The Complacent Church
There the conclusion was that the title is a reference to the Holy Spirit against a background of Zech. 4:1–10. That Christ holds the seven spirits is reminiscent of the doctrine of the procession of the Spirit from Christ (cf. John 15:26; Rom. 8:9). The identification of the seven eyes of Zech. 4:10 with the seven spirits in Rev. 5:6 symbolizes the Spirit’s omniscience.
His further identification with the seven lamps of Zech. 4:2 (cf. Rev. 4:5) is a picture of the testimony He bears.
The author of this message is one who is represented among the churches by the third Person of the Trinity, who knows all and whose purpose is to testify through the seven lampstands established in these seven cities.
He wants to ensure that the lampstand in each community is shining brightly as it should. Sardis represents a situation where the church was surely not emitting spiritual light as it should have been.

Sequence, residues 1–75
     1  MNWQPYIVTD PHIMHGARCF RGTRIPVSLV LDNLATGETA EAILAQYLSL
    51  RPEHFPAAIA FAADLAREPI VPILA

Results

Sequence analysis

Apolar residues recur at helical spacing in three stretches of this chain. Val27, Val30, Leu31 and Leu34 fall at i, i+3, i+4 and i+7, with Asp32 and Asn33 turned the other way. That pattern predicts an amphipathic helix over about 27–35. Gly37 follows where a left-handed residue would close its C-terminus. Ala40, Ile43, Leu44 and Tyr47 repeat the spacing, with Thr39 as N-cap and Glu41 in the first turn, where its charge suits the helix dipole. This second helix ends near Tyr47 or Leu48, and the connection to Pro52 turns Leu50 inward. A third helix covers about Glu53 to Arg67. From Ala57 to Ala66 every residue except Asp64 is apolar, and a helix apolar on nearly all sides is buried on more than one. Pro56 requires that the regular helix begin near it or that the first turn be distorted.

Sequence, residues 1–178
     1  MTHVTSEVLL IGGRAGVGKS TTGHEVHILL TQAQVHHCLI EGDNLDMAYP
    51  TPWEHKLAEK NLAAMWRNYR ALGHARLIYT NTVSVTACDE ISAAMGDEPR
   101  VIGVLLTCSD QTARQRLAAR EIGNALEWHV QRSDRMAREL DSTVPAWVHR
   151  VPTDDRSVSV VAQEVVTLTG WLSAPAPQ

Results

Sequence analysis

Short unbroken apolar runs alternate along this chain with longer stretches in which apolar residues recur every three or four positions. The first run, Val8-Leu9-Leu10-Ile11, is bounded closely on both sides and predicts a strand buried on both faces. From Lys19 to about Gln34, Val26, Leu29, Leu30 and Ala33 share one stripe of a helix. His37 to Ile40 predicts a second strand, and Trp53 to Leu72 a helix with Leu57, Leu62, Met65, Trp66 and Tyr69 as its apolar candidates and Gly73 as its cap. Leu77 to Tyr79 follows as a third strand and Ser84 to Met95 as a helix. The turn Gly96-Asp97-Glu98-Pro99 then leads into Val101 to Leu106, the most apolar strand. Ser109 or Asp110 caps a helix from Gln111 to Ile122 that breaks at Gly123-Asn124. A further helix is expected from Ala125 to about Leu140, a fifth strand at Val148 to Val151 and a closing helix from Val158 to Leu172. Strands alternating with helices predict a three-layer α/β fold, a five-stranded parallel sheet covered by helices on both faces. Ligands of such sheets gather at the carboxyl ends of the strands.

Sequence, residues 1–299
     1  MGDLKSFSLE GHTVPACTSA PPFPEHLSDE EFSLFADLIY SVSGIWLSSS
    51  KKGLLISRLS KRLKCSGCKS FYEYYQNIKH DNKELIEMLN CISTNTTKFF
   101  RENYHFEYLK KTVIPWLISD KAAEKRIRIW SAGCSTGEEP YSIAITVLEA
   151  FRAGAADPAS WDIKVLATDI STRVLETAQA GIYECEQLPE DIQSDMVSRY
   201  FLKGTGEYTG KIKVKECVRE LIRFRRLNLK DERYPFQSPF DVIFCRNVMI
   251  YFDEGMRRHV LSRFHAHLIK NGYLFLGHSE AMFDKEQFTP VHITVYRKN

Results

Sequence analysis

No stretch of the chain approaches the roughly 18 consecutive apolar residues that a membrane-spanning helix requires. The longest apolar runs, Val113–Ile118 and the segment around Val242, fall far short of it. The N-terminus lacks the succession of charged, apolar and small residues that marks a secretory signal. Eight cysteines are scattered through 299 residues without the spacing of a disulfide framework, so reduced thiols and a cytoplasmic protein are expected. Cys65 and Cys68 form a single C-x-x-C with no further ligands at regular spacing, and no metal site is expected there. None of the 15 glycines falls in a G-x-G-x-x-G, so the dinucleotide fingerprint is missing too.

Anticipation of wearing such apparel and enjoying the personal companionship of Christ provides ample incentive for continued faithfulness for the few in Sardis who were standing against the tide of apathy that had gripped the majority in the church.
Revelation 13:8 lends itself to two possible interpretations. Either the book was written from the foundation of the world, or the Lamb was slain from the foundation of the world. If the former is the meaning, the time of the writing is explicitly placed before the foundation of the world. If the latter interpretation of 13:8 is correct, the time is still, by implication, the same because it is “the book of life of the Lamb” (cf. Rev. 21:27). The slain Lamb (cf. Rev. 5:6) is the one to whom the book relates, and its existence can presumably be traced to the time (in God’s eternal plan) of His slaying, i.e., before the foundation of the world (Caird).